Along with the debate over mercury in dental amalgams, the fluoride debate has also kept dental professionals and patients hopping. The dental profession continues to espouse the importance of fluoride, and research and studies have shown that it can positively affect the dental health of those who use fluoride toothpastes and drink fluoridated water. Meanwhile, other studies have shown there to be risks associated with fluoride.
My goal with this article is provide both sides of the argument so you can decide for yourself. I’m not always one to take things at face value. I don’t believe everything the government or health officials tell me. I like to make up my own mind.
For those of who, until now, haven’t even known there was a debate, I hope this will help enlighten you. For those who have always wondered what the debate was all about, I hope to provide the answers to those questions. This article really isn’t intended to argue for or against any particular side and should not be considered an endorsement for either.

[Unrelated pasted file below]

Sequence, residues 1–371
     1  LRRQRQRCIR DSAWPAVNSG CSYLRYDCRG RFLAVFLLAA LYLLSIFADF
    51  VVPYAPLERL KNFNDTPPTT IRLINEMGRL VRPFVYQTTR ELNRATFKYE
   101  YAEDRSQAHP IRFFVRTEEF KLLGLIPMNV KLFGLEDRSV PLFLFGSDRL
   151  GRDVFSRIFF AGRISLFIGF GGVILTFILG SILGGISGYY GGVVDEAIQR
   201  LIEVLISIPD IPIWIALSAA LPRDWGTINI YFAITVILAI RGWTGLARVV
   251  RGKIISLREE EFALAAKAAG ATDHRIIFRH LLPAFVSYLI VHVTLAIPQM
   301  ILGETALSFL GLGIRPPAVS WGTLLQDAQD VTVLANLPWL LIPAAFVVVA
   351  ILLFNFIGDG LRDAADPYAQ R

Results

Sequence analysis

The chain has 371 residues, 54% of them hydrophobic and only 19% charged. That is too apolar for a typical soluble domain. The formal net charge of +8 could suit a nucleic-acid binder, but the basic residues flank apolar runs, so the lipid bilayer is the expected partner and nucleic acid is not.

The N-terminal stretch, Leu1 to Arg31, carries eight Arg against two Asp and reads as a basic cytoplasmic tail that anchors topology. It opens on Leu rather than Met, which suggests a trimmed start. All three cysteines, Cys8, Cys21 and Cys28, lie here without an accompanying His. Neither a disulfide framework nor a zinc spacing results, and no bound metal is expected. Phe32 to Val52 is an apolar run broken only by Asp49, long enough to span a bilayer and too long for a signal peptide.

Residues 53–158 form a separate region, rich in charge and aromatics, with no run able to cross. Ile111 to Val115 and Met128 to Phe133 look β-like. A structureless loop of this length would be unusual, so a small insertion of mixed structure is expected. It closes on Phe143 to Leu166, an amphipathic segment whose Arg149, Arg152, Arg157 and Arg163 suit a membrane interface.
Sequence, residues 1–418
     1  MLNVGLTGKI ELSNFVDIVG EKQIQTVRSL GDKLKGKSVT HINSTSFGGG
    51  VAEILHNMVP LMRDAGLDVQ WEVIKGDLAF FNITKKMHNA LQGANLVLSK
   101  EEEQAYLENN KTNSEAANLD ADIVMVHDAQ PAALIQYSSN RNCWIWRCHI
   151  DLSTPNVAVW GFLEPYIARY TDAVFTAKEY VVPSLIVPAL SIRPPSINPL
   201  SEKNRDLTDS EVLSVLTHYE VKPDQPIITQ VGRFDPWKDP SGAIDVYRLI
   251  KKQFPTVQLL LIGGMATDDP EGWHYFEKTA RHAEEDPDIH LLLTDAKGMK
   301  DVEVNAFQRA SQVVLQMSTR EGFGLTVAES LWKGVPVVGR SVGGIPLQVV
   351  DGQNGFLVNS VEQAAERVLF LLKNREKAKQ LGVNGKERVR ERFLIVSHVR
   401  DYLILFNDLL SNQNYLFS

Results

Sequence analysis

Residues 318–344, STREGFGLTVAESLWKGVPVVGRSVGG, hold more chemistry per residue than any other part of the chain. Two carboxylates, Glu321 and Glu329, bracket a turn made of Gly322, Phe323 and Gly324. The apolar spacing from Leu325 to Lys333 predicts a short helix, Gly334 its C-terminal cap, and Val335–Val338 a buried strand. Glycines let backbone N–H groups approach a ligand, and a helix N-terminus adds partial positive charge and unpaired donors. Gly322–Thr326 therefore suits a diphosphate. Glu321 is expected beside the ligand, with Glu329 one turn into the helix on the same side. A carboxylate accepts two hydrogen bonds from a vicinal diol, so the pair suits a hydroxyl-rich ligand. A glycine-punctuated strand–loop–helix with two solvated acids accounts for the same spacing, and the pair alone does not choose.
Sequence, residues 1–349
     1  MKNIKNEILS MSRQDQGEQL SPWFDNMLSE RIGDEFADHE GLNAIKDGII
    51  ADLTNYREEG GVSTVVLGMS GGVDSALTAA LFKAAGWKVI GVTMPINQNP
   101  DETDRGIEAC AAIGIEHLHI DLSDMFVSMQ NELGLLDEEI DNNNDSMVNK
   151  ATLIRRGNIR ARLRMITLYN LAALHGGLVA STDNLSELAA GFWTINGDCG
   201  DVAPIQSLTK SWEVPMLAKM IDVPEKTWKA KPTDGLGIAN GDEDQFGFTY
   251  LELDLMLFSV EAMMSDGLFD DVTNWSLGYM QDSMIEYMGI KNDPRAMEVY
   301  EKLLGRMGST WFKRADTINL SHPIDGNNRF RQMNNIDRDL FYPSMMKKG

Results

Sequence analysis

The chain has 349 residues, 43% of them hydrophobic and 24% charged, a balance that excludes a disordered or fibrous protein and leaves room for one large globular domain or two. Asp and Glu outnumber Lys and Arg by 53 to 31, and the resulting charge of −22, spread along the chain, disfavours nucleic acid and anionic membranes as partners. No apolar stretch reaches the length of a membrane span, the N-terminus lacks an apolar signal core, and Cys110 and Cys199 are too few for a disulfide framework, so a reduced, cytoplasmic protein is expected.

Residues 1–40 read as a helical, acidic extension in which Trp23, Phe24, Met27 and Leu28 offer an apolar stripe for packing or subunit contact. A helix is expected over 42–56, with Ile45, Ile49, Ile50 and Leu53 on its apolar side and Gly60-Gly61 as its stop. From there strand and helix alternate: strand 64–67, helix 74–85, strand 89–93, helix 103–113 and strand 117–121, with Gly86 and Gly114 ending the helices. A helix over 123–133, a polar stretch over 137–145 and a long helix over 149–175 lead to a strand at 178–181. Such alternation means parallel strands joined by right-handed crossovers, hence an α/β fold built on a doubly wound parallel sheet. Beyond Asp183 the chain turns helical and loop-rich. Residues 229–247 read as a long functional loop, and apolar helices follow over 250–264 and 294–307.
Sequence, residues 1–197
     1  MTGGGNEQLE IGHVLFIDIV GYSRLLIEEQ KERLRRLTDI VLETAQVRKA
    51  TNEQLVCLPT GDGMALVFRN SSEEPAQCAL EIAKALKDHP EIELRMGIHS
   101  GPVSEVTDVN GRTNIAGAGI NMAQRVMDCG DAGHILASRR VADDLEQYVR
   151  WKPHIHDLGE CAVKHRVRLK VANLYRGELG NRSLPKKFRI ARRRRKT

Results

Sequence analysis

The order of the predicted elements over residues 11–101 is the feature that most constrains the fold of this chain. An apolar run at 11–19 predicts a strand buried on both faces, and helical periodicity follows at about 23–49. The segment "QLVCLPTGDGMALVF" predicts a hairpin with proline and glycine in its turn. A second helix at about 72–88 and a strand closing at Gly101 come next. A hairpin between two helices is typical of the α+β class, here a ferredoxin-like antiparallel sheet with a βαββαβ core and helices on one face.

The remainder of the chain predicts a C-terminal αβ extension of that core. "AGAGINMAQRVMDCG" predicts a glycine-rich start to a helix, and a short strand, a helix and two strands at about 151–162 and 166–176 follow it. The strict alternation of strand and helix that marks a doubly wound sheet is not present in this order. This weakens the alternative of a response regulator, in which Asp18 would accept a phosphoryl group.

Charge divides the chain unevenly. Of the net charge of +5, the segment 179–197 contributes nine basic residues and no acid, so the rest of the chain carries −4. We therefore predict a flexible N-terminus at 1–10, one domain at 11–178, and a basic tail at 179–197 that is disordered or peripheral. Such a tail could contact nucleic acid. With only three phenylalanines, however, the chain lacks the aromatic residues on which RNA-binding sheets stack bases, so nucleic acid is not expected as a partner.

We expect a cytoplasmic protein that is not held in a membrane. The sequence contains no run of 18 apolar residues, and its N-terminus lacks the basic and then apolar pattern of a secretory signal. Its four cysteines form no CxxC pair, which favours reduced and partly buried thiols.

The Benefits of Fluoride
The average adult carries 2.6 grams (.09 oz/.0057 lbs) of fluoride in their body, 95 per cent of that in their bones and teeth. Fluoride’s main role in the body is to strengthen bone and prevent tooth decay. It is believed that using fluoride toothpastes and drinking fluoridated water strengthens the enamel of teeth by strengthening the mineral composition of teeth.
“The only clear effect of inadequate fluoride intake is an increased risk of dental caries (tooth decay) for individuals of all ages. Studies of patterns of water consumption and the prevalence of dental caries across different climates and geographic regions with different water fluoride concentrations in the United States led to the development of a recommended optimum range of fluoride concentration of 0.7-1.2 mg/liter or parts per million (ppm), with the lower concentration recommended for warmer climates where water consumption is higher, and the higher concentration for colder climates.